Posted by John Dewan on June 29, 2016
Nearing the halfway point of 2016, Jake Arrieta owns the lone no-hitter of the season, a feat he accomplished on April 21 against the Reds. In the mid-2000s, this scarcity of no-hitters would not have seemed strange, but following a total of 12 no-hitters thrown from 2014-15, it stands out. Offense is up in baseball compared to recent seasons, especially in terms of home runs, and that could be a culprit of the decline. Of course, it’s just as likely that the lack of no-no’s is a quirk; last season, the first no-hitter of the season was on June 6, and then six more no-hitters followed it over the final three and a half months.
Every year in The Bill James Handbook, we identify the pitchers most likely to throw a no-hitter over the rest of their careers. Given the dearth of no-no’s, we thought it would be an interesting time to make an in-season update to see if the leaders in no-hitter probability were on the decline as well. What we found surprised us.
Before we get to the leaderboard, a quick note on the calculation: the Handbook probabilities are based on the batting average allowed projections from the Bill James pitcher projections. Since pitchers have logged quite a few starts since the offseason, we updated those batting average allowed projections with our in-season Daily Fantasy projection system that also incorporates performance to date. Those in-season projections place more weight on pitchers' current-season performances than a perfect rest-of-career projection likely should, so the chances of no-hitters for the top performers may be a bit higher than they were in the Handbook.
|Most Likely No-Hitter|
|Player||Chance of No-Hitter|
|Clayton Kershaw, LAD||56%|
|Jose Fernandez, MIA||54%|
|Jake Arrieta, CHC||42%|
|Marco Estrada, TOR||32%|
|Danny Salazar, CLE||27%|
|Chris Sale, CWS||27%|
|Julio Teheran, ATL||26%|
|Max Scherzer, WAS||24%|
|Madison Bumgarner, SF||24%|
|Drew Pomeranz, SD||23%|
Before the season, Clayton Kershaw was already the consensus best pitcher in baseball, an opinion further supported by his league-leading 36 percent probability of throwing a no-hitter according to the 2016 Handbook. This season, he has taken it to another level, decreasing has batting average allowed from .209 for his career to .185 this season. Now, our projections show that Kershaw is more likely than not to throw another no-hitter—he threw one in 2014—before he calls it a career.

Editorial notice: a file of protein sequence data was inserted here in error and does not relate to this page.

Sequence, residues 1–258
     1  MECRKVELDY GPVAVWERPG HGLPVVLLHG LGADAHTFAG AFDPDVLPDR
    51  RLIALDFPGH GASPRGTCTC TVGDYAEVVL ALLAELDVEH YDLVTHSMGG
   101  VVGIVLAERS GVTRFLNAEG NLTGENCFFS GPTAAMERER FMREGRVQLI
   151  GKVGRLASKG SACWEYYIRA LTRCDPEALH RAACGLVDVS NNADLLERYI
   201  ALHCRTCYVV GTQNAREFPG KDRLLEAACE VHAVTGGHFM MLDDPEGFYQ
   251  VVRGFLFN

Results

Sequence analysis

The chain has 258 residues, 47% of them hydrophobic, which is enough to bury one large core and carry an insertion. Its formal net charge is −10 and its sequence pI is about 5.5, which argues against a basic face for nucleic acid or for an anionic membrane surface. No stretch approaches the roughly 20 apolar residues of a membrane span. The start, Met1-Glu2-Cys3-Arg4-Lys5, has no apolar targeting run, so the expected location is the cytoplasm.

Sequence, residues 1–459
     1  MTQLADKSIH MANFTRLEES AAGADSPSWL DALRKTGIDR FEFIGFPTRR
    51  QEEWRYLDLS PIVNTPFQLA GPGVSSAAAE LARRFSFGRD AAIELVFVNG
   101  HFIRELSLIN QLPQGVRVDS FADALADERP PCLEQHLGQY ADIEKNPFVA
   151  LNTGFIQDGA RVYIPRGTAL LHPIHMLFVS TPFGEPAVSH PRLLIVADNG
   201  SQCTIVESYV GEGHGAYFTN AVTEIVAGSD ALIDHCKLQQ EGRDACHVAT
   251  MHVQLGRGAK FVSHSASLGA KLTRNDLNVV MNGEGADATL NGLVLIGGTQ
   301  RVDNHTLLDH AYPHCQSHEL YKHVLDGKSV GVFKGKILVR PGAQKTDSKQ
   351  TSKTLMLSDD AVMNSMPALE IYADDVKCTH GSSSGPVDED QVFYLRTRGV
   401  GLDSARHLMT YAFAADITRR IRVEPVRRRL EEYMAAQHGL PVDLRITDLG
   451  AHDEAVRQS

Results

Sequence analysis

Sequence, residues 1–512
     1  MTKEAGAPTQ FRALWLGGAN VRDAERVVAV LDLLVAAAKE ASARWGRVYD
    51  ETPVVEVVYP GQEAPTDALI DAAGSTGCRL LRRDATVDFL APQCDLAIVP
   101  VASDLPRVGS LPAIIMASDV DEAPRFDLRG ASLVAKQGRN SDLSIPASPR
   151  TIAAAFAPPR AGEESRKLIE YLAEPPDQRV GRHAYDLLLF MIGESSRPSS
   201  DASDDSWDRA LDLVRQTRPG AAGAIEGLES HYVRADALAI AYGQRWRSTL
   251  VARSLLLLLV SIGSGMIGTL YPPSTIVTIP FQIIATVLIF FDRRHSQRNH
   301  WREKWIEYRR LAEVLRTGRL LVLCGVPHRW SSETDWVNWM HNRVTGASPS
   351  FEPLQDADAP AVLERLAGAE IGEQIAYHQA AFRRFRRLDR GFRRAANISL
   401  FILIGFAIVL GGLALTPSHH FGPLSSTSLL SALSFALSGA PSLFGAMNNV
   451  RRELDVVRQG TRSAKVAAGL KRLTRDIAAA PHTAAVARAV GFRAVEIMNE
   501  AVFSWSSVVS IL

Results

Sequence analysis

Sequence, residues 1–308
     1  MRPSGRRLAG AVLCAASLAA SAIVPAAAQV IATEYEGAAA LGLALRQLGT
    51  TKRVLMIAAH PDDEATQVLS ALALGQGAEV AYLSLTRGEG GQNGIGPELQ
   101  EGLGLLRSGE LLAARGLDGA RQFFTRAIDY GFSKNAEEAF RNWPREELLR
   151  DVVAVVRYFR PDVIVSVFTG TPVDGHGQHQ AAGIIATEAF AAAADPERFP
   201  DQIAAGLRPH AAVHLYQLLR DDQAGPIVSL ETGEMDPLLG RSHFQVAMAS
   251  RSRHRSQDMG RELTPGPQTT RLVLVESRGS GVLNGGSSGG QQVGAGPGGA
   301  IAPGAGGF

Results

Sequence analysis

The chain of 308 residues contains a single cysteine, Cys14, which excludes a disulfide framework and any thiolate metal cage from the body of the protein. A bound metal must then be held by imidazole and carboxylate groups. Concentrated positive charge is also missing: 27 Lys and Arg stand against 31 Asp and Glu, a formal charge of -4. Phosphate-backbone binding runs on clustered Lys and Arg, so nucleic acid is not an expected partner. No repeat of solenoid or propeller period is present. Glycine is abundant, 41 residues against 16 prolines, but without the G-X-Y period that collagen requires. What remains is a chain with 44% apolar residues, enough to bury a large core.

Jose Fernandez and Arrieta are next on the list. Arrieta already proved himself capable a few months ago. Meanwhile, Fernandez isn’t far behind Kershaw with a .195 batting average allowed, and his biggest asset is his youth. At 23 years old, Fernandez will hopefully have a decade or more to chase the feat.
The most interesting names on the list include Marco Estrada, Danny Salazar, and Drew Pomeranz. Estrada had always shown strikeout potential in his career, but he had previously struggled with hard-hit balls, especially home runs. This season, he leads all qualified starters with a .168 batting average allowed. The Indians already had a pair of aces in Corey Kluber and Carlos Carrasco, but Salazar has arguably been their best starter this season. He leads their rotation in ERA (2.40) and strikeouts per nine (10.3). Finally, Pomeranz is enjoying a renaissance on the Padres with nearly two additional strikeouts per nine compared to last season.